Do you ask yourself where the money went at the end of each week? Do you ever come up short on paying for bills and have to use a credit card, payday loan place, or borrow a ten off somebody until you are paid? These are signs that you are living beyond your means. Poor people do it, rich people do it, and five-year-old children do it. Here is how you stop.
All photos in this instructable are of my art work and are Copyright Lisa M. Yarost. All rights reserved. Please do not use these images elsewhere without permission! Thanks!
Step 1: Write It Down!
Find a notebook that will fit in your purse or backpack. If you're a guy and you just carry a wallet, then tuck a sheet of paper in there each month and carry a pen or pencil, even if it's one of those little golf pencils. From now on, you are going to track every single penny you make and every single penny you spend, when you spend it. If you buy a coffee on your way to work or a candy bar from the vending machine, write it down. When you have a bill or a bank fee deducted from your account, write that down. If you find a nickel in the sofa, write that down too. You want to know exactly what is happening to your money!
Here's a way most people cheat, and you don't want to cheat: If you go to the grocery store and take cash back, do not write that down as groceries. You haven't spent it... just taken it out of your account. You need to track what you do with it once it's spent. Likewise, if you go to a superstore like Walmart for your groceries, don't put your new CD that you picked up in your grocery expenses, just because you paid for it with your groceries. You want to know where the money really goes!
Step 2: Spy on Yourself!
We've fast-forwarded a month. You have been dutifully tracking your spending, and now you have all this information. Take out your book or your sheets, and see what you've been up to. Find a set of highlighters or colored pencils so that you can classify your income and your out-go (spending).
I like to color my income in green, for some reason. :-)
When it comes to spending, you want to break that down into categories:
1. Fixed regular (like rent, subscriptions, car payments, student loans, insurance...)
2. Flexible regular (like utilities, transportation expenses, groceries)
3. Irregular (like unforseen medical bills, auto or home repairs, gifts, etc.)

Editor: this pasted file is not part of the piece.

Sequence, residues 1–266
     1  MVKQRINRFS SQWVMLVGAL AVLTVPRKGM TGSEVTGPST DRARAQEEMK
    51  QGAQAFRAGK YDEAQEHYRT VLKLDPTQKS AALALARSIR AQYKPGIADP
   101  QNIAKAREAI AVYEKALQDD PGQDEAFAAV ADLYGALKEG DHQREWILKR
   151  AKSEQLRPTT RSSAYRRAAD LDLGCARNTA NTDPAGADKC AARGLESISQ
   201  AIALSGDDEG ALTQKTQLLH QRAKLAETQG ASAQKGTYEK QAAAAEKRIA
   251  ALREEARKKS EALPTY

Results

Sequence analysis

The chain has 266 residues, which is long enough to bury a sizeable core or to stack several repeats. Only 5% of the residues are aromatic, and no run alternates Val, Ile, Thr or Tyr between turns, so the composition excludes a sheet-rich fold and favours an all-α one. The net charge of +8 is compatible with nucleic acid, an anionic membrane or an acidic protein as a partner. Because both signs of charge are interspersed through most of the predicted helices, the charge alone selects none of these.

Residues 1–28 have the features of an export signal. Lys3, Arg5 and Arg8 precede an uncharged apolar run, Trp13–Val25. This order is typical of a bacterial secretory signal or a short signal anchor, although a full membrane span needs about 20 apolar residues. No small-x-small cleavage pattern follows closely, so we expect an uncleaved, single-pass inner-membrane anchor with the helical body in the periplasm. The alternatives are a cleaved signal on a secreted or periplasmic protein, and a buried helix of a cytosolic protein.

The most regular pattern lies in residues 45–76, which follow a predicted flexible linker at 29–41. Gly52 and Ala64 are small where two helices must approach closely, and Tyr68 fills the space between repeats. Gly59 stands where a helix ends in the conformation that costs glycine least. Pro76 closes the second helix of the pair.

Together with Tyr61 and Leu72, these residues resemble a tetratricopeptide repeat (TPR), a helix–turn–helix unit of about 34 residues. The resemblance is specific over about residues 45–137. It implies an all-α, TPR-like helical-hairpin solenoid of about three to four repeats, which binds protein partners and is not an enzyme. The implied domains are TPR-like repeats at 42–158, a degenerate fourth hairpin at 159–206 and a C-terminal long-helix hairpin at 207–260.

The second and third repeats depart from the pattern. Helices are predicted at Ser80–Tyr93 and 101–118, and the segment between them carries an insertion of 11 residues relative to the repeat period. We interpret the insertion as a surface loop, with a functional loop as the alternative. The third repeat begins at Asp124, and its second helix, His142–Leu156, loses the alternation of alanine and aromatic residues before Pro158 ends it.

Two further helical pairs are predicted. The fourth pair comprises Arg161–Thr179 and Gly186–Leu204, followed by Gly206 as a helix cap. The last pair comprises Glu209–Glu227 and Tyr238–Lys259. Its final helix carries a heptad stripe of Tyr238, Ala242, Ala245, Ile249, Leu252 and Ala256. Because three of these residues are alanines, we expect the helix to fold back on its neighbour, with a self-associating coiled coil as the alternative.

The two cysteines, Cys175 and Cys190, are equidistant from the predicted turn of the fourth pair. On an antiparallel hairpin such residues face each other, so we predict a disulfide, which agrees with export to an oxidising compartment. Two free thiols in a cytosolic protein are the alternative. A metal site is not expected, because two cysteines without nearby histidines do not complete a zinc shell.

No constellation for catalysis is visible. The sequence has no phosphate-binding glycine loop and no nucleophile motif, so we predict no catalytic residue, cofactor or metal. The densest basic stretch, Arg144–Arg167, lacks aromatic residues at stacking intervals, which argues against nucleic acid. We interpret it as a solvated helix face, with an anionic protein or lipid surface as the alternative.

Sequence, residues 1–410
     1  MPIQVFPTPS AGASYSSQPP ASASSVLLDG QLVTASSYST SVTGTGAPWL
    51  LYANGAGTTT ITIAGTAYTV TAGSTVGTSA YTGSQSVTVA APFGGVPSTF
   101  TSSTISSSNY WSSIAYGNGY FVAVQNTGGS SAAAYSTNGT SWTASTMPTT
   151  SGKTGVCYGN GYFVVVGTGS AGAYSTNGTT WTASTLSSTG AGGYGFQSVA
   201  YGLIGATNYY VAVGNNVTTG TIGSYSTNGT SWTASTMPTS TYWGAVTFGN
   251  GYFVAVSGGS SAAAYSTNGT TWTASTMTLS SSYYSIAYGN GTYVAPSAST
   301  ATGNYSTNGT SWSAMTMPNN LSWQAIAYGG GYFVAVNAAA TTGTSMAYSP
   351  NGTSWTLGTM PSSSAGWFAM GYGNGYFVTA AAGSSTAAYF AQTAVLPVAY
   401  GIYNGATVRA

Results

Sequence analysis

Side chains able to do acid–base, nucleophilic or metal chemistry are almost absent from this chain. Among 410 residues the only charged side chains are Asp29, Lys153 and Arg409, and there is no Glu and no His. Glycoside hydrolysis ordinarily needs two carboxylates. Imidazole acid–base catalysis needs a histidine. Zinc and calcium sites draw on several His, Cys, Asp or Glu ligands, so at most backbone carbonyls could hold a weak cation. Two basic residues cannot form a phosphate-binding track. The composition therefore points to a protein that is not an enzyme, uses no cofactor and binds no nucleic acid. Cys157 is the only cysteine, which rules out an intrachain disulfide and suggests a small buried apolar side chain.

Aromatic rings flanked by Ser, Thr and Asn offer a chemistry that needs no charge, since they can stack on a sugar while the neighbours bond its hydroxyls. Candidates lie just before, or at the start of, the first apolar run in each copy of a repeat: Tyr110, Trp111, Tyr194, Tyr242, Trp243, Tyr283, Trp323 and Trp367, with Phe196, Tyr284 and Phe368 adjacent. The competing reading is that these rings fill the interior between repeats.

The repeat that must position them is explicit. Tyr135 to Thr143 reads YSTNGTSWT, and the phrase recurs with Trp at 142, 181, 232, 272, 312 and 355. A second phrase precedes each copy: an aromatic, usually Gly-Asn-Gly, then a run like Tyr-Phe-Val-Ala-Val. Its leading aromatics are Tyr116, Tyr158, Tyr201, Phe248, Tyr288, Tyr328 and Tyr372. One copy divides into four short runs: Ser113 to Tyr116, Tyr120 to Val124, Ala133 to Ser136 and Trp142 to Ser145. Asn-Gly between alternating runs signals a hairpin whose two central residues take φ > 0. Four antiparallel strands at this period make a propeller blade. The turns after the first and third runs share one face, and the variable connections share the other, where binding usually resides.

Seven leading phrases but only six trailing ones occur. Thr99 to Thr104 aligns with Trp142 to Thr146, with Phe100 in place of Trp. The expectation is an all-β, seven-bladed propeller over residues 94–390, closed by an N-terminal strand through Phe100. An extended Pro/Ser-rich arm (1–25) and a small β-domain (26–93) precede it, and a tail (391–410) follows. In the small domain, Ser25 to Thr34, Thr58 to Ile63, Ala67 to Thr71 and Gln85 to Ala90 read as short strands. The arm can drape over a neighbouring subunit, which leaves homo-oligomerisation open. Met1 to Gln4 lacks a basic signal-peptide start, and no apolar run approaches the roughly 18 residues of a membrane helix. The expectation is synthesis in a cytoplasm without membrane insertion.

4. Optional (Starbucks purchases, movies, alcohol, clothing, shoes, books, restaurants and fast food...) I like to put this category in red, because it's the one we need to watch!
Step 3: Add It All Up!
Holy cannolli, Batman! I'll bet you didn't think you would see so much red, did you? Remember, all that red is stuff that you chose to buy.
Now, add up all the income for the month, and write it in one column. Then add up each of the other categories, and write the totals in a second column. If your first column adds up to more than your second column, congratulations! You have made more money than you have spent this month! If your second column adds up to be more than the first, you have spent more than you made, much like the United States Federal Government.
Either way, you want to figure out how to get ahead so that the second column is smaller (or smaller yet) than the first.
Step 4: Is It Worth It?
Go back to your list, the one with all the colors on it. It's time to go through and see how you feel about the value you're getting for your money. Next to each expenditure, place a symbol indicating whether you feel you should spend (or buy) more (say, on fresh veggies or donations to charity), less (maybe on a particularly unsatisfying fast food binge that was a result of being too lazy to pack your lunch), or the right amount (perhaps on your rent or for your dog's food).
Now, think about all of the things you marked that you want to spend less on, and come up with ways to do so. Do you spend too much money at the book store? (Guilty, as charged!) Then start using the library.
Do you buy too many lunches out or eat too much fast food for dinner? Stock up on frozen dinners or canned soup and sandwich fixings and make sure your lunch is ready the night before work.
Can't live without that horrendously expensive ColdStone ice cream? You might think differently once you consider the price difference between their stuff and a half-gallon of even the best grocery store ice cream.
Step 5: Apply Your Knowledge!
Now that you know you will have to answer to yourself for every penny you spend, you can decide *before* you spend your money whether it is worth it to buy lunch at Wendy's three times a week, whether you really want to spend $20 a week on Starbuck's coffee, and whether going to the movie theater is really $8 better than borrowing a DVD from the library.
Knowing that you will have to write those expenses down in order to evaluate them at the end of the month may give you just the amount of time you need in order to change your mind.
Step 6: Repeat!
Do this every month, and you will never wonder where the money went. In fact, you will probably have more of it. You may soon find yourself making extra payments on your credit card or student loans with the money you save, or maybe socking a little extra away for retirement!